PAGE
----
There are hundreds of researchers focused on applying biological solutions to plastic waste. Their efforts can be divided into two approaches. The first uses “bugs” — microbes, fungi, and so forth — to eat the plastic, while the second, less-common approach uses biochemicals, specifically enzymes made by “bugs,” to degrade the plastic. (Enzymes are protein-based catalysts that speed up a specific chemical reaction without being consumed in it.)
Researchers at UT-Austin have had some notable success with the second approach recently. They used synthetic biology to create an enzyme that degrades polyester back into its starting materials. In other words, the enzymes are breaking the ester bond that makes polyester. The starting chemicals can be recovered and then turned back into new polyester.
Enzymes tuned to specific chemical reactions
This stands in stark contrast to the aforementioned first approach, which involves letting microbes and fungi degrade the material. Such degradation is not as controlled, and the result is a seriously degraded product that isn’t much good for anything else. This is what happens to compostable plastics — you get compost that can’t be turned into plastic. By contrast, enzymes are tuned to specific chemical reactions and cannot influence any other reactions.
The researchers were actually able to demonstrate this circular loop of making polyester plastic, and not just theorize that it could happen. They went through the steps of first degrading samples to the starting monomers and then re-forming a polyester plastic.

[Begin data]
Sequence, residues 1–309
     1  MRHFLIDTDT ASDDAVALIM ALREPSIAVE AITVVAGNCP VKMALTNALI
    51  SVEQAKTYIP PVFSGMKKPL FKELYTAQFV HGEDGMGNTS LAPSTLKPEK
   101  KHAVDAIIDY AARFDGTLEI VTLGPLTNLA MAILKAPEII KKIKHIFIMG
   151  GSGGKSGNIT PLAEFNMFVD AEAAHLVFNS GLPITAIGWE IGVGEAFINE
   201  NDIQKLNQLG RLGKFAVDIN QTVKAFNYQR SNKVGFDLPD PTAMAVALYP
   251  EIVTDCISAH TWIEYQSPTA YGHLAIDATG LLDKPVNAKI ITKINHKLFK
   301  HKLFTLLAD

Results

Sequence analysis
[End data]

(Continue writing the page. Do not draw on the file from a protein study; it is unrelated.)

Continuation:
There is not enough information available to assess its economic viability — they may well be applying for patents as I write this — but my initial reaction is not too optimistic about this being a commercially viable technology. If you think about the “normal” recycling loop — make a product, sell it, use it, retrieve it, and then reprocess it into a new product — these degradation and repolymerization steps add another operation (or two).
For what? The researchers started with PET and ended up with PET afterwards. What was gained? Or looking at it from another direction: What problem was solved? This is just adding extra steps.
Except if I think about this a bit more . . .
Post-consumer waste in the recycling stream can be heavily contaminated due to poor separation from other recyclables, dirt, food, and other contaminants. Because of this, I’ve always had high respect for recyclers. They’re dealing with a messy feed that I’m glad I never had to. I’ve experienced plenty of bad days just trying to process regrind, a feed stream that never left the plant. To try and work with whatever garbage is sent as recyclables scares me plenty. This technology might make that easier in the future.
Since the enzymatic reaction is so specific, it should be possible that it could find and degrade the polyester — and just the polyester — in a pile of contaminated plastic. The liquid monomers then collect at the bottom of the pile.
If I really let my imagination run wild, you could take a pile of mixed plastics and toss in six different enzymes, one for each of the Big 6 plastics (although high-density and low-density PE could be degraded by the same enzyme). Stand back and then start collecting the monomers. What’s left would truly be garbage that shouldn’t have been in there in the first place.
This is wishful thinking, but such a possibility appears to exist for polyester, so that’s a start. As always, it will come down to economics, and for that we just have to wait and see.